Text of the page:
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An ex-pat’s experience of working in China and Switzerland



Michelle, also known as TimeTravels here in the Thelma & Louise women’s travel buddy community, joined us for the ninth lockdown Facebook Live to share her experiences of moving from California to live and work overseas.

Watch the full Facebook Live here.

What is it like to work overseas?

After 25 years of working in IT in Los Angeles, Michelle felt the need to turn things upside down, to live somewhere else, to find out more about and make deep connections with other cultures. China was the most different place to home she could think of, so off she went!

After two jobs teaching in international schools in Shanghai and Guangzhou, Michelle moved to Switzerland, where she was IT director for an international school in a small town high up in the Alps. On the surface, the Chinese and Swiss cultures may seem as different as chalk and Swiss cheese, but Michelle found both to be equally different to what she was used to at home in the USA.

Whatever you might expect from China, Michelle told us, your experience there will be totally different again! She learnt not to discuss ‘The Three Ts’ – Tibet, Taiwan or Tiannamen – unless you knew who you were talking to very well. Michelle found the people to be welcoming, partly because she was obviously different and people were curious to find out more about her. She made friends with a young Chinese man and the unlikely pair travelled throughout the country. His company helped to deepen her understanding of China’s culture.

The Swiss town Michelle lived in was an education hub teetering on the side of a mountain. “Not a true representation of Switzerland” Michelle thinks, but a great base for exploring the country from, once she had a car.

Catch up on the full Facebook Live here.

How Michelle started working in international schools

Michelle also told us about the technical processes she went through to live and work abroad.

Rather than doing a quick, one-month-long Teaching English as a Foreign Language (TEFL) course, Michelle chose to longer and more in-deepth program which was part of the CA Dept of Education credential in culture, language and diversity. This opened doors to many more teaching opportunities overseas. It was a two-to-three year process before she actually started teaching in another country. Once in China, she also took a semester of Chinese language, broadening her knowledge of the language and experiencing life as a student instead of teacher.


5 tips for women thinking about teaching overseas, according to Michelle:


  1. Start with a trial to see if teaching is for you.
  2. Investigate agencies that organise placements in international schools. They will deal with the visas, accommodation and health insurance, making the process simpler than you might expect.
  3. Get qualified. Choose a more complex course that leads to a better qualification, to gain the best job opportunities.
  4. Be aware that many countries have a maximum age that they will accept people to teach. Michelle says the cut-off point is 55 years in many countries, but South Korea is 60, which is partly why, at the age of 58, she’s looking to make the move there next.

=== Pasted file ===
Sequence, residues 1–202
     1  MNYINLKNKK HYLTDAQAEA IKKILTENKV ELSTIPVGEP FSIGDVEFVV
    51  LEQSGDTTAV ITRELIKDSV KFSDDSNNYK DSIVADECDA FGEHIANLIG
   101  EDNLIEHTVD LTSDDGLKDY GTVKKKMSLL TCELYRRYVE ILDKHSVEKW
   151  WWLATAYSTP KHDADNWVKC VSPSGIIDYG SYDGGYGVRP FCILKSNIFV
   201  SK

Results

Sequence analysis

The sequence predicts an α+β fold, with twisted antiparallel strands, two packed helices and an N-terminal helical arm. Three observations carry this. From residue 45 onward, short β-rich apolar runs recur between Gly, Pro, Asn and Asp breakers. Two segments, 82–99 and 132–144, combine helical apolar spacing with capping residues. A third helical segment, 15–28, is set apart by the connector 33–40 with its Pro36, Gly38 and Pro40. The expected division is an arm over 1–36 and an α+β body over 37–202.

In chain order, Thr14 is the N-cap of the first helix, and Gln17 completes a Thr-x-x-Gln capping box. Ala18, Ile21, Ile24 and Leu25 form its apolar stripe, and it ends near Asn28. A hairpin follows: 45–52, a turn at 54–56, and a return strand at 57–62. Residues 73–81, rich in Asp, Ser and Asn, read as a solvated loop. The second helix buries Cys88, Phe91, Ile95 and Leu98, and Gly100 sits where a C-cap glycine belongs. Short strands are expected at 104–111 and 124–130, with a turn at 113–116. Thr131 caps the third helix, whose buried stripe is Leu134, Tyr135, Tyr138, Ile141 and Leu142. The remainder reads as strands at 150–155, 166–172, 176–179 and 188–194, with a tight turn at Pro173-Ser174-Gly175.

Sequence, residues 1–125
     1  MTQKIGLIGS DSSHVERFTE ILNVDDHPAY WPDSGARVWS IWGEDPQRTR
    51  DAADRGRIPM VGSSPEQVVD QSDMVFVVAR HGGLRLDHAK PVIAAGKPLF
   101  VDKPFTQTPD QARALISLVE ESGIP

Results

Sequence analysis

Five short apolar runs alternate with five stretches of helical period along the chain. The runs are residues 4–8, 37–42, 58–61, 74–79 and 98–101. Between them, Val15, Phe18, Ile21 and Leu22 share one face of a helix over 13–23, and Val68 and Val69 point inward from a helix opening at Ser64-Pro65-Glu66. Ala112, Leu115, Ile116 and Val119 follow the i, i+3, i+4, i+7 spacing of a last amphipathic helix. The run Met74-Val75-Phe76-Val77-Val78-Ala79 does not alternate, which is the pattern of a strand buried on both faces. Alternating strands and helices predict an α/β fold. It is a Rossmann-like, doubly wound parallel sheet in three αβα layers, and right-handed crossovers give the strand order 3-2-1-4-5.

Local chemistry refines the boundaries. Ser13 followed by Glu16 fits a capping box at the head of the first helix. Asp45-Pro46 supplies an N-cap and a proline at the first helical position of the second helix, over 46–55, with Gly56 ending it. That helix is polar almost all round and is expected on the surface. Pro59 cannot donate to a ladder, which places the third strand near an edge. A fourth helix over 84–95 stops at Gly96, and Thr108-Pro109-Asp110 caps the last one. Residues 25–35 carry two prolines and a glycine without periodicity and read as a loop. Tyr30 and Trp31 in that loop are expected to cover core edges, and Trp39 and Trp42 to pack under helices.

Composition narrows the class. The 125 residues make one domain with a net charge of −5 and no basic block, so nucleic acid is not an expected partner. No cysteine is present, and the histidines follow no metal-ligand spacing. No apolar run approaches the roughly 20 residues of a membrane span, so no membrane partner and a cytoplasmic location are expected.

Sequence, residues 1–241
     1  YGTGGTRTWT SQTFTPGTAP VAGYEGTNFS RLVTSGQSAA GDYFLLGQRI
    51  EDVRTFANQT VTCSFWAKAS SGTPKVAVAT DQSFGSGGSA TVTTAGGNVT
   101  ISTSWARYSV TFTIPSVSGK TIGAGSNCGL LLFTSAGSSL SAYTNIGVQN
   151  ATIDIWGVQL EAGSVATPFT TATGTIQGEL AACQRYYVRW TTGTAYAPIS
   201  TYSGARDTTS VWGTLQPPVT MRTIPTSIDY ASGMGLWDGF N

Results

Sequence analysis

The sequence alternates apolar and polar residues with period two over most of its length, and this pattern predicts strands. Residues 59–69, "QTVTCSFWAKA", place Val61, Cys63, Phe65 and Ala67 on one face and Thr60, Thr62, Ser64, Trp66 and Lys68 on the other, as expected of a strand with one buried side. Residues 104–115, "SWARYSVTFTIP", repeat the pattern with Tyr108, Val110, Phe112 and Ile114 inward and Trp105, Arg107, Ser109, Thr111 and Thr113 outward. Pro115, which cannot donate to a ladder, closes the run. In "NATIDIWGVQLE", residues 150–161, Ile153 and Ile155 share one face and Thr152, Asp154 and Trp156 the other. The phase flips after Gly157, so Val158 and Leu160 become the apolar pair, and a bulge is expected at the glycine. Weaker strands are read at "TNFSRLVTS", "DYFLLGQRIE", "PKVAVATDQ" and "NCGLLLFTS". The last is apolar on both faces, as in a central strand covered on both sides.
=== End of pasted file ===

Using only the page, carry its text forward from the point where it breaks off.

5. Plan ahead and think about your retirement. It is possible to save while teaching abroad, but it’s not necessarily a career that will see you through to the standard retirement age in your own country (see point 4 above). Michelle’s plan is to get her Yachtmaster certification and travel!


Useful links for international opportunities, recommended by Michelle


  1. The International Educator: Articles and news related to international schools around the world. Small annual membership.
  2. JoyJobs: Helps with CV writing and recruitment strategies for international school teachers. Small annual membership.
  3. TeachAway: Free listings but individual organizations might charge application fees. Good for aspiring and new teachers, as well as TEFL (Teaching English as a Foreign Language) training programs.
  4. Go Overseas: Focused on gap year, volunteer opportunities, internships, teaching aboard, TEFL training and travel/tours.
  5. Dave's ESL Cafe: THE website for ESL & EFL, packed with info and teaching resources, discussion forums, job postings, etc.
  6. All Hands & Hearts: Volunteer programs for international disaster relief.
  7. Volunteer Service Overseas: Volunteer and career opportunities in inclusive education, health communities, and resilient livelihoods in Africa and Asia.


For a more in-depth discussion of what it’s like to live as an ex-pat, watch the full Facebook Live here.


As usual, we also talked about the products and cultural snippets that are making life in lockdown bearable for us.

Cultural Escape: the books, movies and other audio-visual delights that are helping us through lockdown by transporting us elsewhere – without leaving our homes.

  • Buy Sherpa Adventure Gear’s Samir Windbreaker to keep the damp and chill off now, then take it with you on your next trip. It packs down to next to nothing, and each one sold funds a day of school for a child in Nepal. Plus, it’s beautiful.
  • Ana swears by the Tempur Travel Pillow to make sure she gets a good night’s sleep when she’s away from home.
  • Michelle recommends the following books as great introductions to life in China or Switzerland: 
  • Lost on Planet China by J. Maarten Troost
  • Swiss Watching: Inside the Land of Milk and Money by Diccon Bowes


We hope you enjoyed our Facebook Live travel chat with Michelle. If you’ve got anything to add to the conversation, please leave a comment below. We always love to hear from you!